In this well-responded disease, PET scan done in January 2016 showed resolution of FDG avidity and a significant decrease in size of the right lung lesion (SUVmax 1.45) along with significant decrease in size and FDG avidity of mediastinal lymph nodes. However, new appearance of FDG avidity in the cutaneous and subcutaneous plane of the right vulva and posteromedial aspect of the right thigh along with the right external iliac and right inguinal lymph nodes were noted as new lesions, thus Deauville score was labeled as X [Figure 1] and [Figure 2]. During the examination, she was found to have pain and blisters at the hypermetabolic cutaneous site and clinically diagnosed as herpes zoster virus manifestation. She received tablet valacyclovir 3 times a day, tablet pregabalin once a day orally for 10 day, and responded well. She is under regular follow-up and doing well for the last 11 months.
Figure 1: Fluorodeoxyglucose positron emission tomography/computed tomography showing maximum intensity projection, transaxial positron emission tomography/computed tomography, and computed tomography images of thorax: (a-c) Positron emission tomography scan done in June 2014 showing lesions in the right lower lung and mediastinal lymph nodes, (d-f) scan in November 2014 showing residual disease in the right lower lung and mediastinal lymph nodes, (g-i) scan in July 2015 showing minimal residual disease in right lower lung, (j-l) scan in January 2016 showing faintly fluorodeoxyglucose avid mediastinal lymph nodes with resolution of fluorodeoxyglucose avidity of the right lung lesion but appearance of fluorodeoxyglucose avid cutaneous lesion in the right thigh, and right side pelvic lymph nodes as new findings

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Figure 2: Fluorine-18 fluorodeoxyglucose positron emission tomography/computed tomography scan done in January 2016, showing transaxial images. (a and b) Fused positron emission tomography/computed tomography and computed tomography images showing fluorodeoxyglucose avid cutaneous thickening involving right vulva and posteromedial aspect of right thigh (marked with red arrow), (c and d) fused positron emission tomography/computed tomography and computed tomography images showing fluorodeoxyglucose avid right inguinal lymph node, (e and f) fused positron emission tomography/computed tomography, and computed tomography images showing fluorodeoxyglucose avid right external iliac lymph node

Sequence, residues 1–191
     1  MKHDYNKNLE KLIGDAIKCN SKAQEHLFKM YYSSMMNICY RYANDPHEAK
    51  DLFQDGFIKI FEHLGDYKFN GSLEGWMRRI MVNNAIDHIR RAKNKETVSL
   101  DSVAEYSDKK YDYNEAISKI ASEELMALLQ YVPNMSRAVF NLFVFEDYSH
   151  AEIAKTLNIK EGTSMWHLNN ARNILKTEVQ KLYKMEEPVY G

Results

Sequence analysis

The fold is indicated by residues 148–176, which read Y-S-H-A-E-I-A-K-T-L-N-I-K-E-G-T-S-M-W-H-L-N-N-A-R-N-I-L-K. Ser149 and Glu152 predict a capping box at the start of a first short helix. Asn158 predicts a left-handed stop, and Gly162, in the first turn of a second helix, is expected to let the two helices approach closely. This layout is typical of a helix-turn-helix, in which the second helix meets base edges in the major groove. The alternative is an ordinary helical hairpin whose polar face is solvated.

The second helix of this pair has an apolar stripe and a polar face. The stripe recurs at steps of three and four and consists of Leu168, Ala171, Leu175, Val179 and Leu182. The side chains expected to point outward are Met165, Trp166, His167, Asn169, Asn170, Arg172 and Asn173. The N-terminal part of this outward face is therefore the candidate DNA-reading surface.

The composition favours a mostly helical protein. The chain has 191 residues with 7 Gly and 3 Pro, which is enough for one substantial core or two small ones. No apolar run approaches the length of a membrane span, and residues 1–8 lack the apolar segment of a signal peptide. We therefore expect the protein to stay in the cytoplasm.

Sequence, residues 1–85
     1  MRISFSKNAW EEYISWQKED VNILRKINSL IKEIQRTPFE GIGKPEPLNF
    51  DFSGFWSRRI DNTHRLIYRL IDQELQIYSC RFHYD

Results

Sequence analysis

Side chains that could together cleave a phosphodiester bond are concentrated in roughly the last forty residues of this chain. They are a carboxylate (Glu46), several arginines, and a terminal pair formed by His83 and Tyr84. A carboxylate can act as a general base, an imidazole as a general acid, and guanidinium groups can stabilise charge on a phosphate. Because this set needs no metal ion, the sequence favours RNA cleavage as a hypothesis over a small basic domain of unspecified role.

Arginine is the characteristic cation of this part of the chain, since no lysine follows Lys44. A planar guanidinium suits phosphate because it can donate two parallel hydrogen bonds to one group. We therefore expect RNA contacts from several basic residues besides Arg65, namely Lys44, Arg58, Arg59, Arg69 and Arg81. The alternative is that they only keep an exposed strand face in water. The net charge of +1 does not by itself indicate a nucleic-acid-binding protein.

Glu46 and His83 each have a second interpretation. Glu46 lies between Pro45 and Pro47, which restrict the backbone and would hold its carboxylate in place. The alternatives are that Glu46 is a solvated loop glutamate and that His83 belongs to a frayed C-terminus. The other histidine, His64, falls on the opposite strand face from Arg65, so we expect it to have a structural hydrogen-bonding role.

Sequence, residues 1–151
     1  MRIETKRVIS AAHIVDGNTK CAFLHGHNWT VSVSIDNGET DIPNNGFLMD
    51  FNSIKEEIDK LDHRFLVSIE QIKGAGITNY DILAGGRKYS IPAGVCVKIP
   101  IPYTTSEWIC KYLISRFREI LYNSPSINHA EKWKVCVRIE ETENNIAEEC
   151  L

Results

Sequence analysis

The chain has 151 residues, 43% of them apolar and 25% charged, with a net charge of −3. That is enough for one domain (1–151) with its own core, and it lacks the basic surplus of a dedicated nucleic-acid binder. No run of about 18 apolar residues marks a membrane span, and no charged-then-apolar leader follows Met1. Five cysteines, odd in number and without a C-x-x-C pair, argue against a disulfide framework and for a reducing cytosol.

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   Discussion Top


The present case of marginal zone lymphoma was a well-responded disease to chemotherapy in the interim and end chemotherapy FDG PET/CT scan. However, the follow-up PET scan showed FDG avid new lesions at the unusual cutaneous and subcutaneous site in the right vulva and posteromedial aspect of the right thigh along with ipsilateral pelvic lymph nodes involvement. As these lesions were not present in any of the previously done PET scan, the Deauville score was rated as X. Although in the first instance, it looked like recurrence of disease, but the characteristic nature of unilateral involvement in a specific dermatome was an interesting feature. During the subsequent clinical evaluation, she was diagnosed to have herpes zoster virus reactivation.

The varicella-zoster virus a neurotropic virus travels centripetally along sensory nerve endings from infected cutaneous and mucosal lesions to dorsal root and cranial nerve ganglia after the resolution of primary varicella infection in childhood and remains in the latent phase. The latent virus reactivates when cell-mediated immunity decreases due to any chronic disease, immune dysregulation, immunosuppressive drug therapy as in malignancy or organ transplantation, trauma, sunburn, stress, or rarely in old age. The newly synthesized varicella-zoster virions transport along the sensory nerve to release into the cutaneous or mucosal sites and manifest as unilateral blisters or vesicular eruption in one or two specific dermatomes in the innervations of involved sensory nerve. This painful rash usually remains for 7–10 days but normal appearance of the skin comes after 2–4 weeks. The most common dermatomes involved in the disease are thoracolumbar (T3–L2) and facial (V1) dermatomes.[1],[2] Our case is unique due to atypical appearance of cutaneous lesions in the lumbosacral dermatome, an unusual site of presentation and thus difficult in diagnosis.